The European Commission filed a formal complaint against Google (Alphabet) accusing the company of forcing its own products on those that use the Android OS in the new smartphones that they offer. The complaint is reminiscent of a similar antitrust complaint that Europe had with Microsoft’s tying of a media player to Windows, which cost the company $2.5 billion.
European Commission continues antitrust assault on tech companies
The EU Competition Commissioner Margrethe Vestager believes that Alphabet is unfairly forcing smartphone makers to sign contracts that force manufacturers to favor Google search and its browser Chrome.
Vestager points out that “over half of Internet traffic takes place on mobile devices” and “what we found is that Google pursues an overall strategy on mobile devices to protect and expand its dominant position in Internet search.”
The commission also maintains that Alphabet is unfairly paying device manufacturers who run Android (virtually every smartphone or tablet not made by Apple) with shared advertising revenue if they make Google search the default on their devices.
“Google has abused its dominant position,” Ms. Vestager said today. “Google’s behavior has harmed consumers by restricting innovation in the wider mobile space.”
“It may have become too difficult for other search engines or app stores to be available to consumers,” she added.
Alphabet is an easy target and Ms. Vestager’s beliefs were echoed today by other lawmakers.
“The requirement for phone makers and operators to preload a set of Google apps is certainly problematic from the consumers’ point of view,” said Ramon Tremosa and Andreas Schwab, two members of the European Parliament who have never shied from criticizing Google, Amazon and Facebook. “By acting this way, Google is, de facto, giving its own apps unfair advantage.”
Google refutes the charges and welcomes debate
Alphabet is not taking the complaint lightly just as it didn’t lay down almost exactly a year ago when the EU filed a formal complaint over the company’s comparison-shopping options. Google maintains that the complaint is baseless if only because Android is a “free and open-source operating system.”
Android was developed by Android, Inc, which Google acquired in 2005. The first release of the Android operating system was released two years later after a massive investment of both money and manpower from Google.
“We take these concerns seriously,” Kent Walker, Alphabet’s general counsel, said in a statement. “But we also believe that our business model keeps manufacturers’ costs low and their flexibility high, while giving consumers unprecedented control of their mobile devices.”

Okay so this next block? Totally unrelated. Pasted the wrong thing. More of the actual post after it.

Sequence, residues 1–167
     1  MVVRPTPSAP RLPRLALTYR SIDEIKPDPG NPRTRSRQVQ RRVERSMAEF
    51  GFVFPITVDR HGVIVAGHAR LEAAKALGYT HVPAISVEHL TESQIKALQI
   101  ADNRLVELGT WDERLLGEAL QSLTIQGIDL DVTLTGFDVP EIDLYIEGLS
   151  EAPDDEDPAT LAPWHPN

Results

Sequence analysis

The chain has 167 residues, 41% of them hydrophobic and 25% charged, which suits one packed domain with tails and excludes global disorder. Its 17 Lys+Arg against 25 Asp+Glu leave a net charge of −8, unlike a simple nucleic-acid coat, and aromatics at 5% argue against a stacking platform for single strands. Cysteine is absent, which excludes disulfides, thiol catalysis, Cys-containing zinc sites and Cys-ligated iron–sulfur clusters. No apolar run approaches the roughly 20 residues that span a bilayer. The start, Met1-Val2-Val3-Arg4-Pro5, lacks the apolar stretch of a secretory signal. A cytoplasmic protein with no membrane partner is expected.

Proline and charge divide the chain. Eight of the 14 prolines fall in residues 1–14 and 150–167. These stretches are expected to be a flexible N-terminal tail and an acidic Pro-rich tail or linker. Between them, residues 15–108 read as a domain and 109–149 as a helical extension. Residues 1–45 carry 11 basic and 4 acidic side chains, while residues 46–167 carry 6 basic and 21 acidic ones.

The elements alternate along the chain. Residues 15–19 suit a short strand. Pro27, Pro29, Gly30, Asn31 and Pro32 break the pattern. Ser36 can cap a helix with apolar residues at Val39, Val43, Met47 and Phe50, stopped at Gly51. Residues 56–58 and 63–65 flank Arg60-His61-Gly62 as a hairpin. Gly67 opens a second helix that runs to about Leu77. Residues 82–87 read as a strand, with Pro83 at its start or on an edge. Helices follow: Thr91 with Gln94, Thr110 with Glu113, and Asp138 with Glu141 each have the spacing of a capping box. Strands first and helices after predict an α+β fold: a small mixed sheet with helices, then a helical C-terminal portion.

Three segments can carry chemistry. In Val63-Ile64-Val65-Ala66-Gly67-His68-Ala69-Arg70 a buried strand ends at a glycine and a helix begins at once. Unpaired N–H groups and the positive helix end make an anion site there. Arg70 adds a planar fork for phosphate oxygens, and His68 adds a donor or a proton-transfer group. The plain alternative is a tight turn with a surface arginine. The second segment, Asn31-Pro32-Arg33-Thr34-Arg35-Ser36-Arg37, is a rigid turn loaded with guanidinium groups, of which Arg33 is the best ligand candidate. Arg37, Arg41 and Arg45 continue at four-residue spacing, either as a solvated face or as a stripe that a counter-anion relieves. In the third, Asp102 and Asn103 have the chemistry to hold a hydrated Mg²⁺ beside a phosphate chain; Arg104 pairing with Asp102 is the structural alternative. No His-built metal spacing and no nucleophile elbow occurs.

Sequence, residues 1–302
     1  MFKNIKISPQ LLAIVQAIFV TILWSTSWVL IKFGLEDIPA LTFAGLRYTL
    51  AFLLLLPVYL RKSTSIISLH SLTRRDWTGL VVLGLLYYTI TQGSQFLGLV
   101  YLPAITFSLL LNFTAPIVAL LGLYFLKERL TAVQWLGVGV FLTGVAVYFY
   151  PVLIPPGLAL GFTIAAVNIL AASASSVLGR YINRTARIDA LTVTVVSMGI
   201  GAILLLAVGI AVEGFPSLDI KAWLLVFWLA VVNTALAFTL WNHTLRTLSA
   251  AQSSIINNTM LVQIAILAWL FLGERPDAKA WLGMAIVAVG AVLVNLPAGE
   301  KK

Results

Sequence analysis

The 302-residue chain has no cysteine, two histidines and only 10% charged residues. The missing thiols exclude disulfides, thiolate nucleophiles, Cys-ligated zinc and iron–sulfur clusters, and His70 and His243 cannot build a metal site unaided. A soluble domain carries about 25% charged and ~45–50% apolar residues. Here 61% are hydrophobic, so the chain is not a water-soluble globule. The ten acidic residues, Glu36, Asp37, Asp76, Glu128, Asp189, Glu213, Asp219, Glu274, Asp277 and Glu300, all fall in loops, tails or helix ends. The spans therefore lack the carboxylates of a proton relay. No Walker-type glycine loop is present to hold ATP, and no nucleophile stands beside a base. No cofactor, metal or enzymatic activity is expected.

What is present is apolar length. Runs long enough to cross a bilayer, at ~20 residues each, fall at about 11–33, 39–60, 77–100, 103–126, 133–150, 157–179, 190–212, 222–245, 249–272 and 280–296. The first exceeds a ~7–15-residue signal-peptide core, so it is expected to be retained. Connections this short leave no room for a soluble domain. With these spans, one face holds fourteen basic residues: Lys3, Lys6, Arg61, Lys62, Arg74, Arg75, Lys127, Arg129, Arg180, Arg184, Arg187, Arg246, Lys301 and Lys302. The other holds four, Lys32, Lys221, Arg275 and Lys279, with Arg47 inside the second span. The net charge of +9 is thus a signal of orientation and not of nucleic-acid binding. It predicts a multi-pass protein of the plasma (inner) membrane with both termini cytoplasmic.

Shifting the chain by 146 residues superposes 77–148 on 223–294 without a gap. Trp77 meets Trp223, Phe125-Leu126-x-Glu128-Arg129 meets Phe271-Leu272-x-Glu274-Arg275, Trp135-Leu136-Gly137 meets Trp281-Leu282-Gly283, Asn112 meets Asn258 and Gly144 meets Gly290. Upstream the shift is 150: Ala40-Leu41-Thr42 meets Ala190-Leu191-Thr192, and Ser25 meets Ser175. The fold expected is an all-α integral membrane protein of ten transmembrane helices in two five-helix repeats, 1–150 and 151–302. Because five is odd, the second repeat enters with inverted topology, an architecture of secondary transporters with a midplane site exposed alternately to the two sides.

Walker reminded the commission that “our partner agreements are entirely voluntary.”
“We look forward to working with the European Commission to demonstrate the careful way we’ve designed the Android model in a way that’s good for competition and for consumers,” Walker concluded in his statement today.
Google’s fault that people are to lazy to download alternatives?
That is certainly an argument that Alphabet will consider using when it fights these charges. There is no question that Google Maps is the best map application available, but if users wish to download other options they are free to do so. Additionally, there are a number of other browsers available to Android users without being stuck with the perfectly good Chrome browser.
Google has been in the cross-hairs of the EU since Nokia and Microsoft backed an industry group in 2013 to complain to the regulatory commission when Microsoft began producing its own handsets. The EU opened a formal investigation of Alphabet in 2015 with the probe assigned the task of looking into Google’s mobile anti-competition policies dating back to 2011.
Beyond the EU’s problems with Google Search and its browser Chrome, the commission maintains that Google forces its Play Services software down the throats of handset makers like Samsung Electronics Co. and HTC Corp.
“It may have become too difficult for other search engines or app stores to be available to consumers,” said Ms. Vestager today. Apple, quite simply, doesn’t have this problem despite leading Google in mobile ad sales. The reason being is that Apple manufactures its own handsets rather than foisting its software on others. If you want to run iOS, you can only do so on an iPhone.
The complaint does present a problem for Alphabet that will make roughly $30 billion this year in revenues related to mobile activity, so it’s not pocket change as more and more people in the developing world rely on mobiles for search and commerce rather than desktops.
Google has 12 weeks to respond to the formal complaint but in the mind of the commission there is another option.
“The remedy in this case is basically quite simple — it’s to stop these practices,” said Vestager today.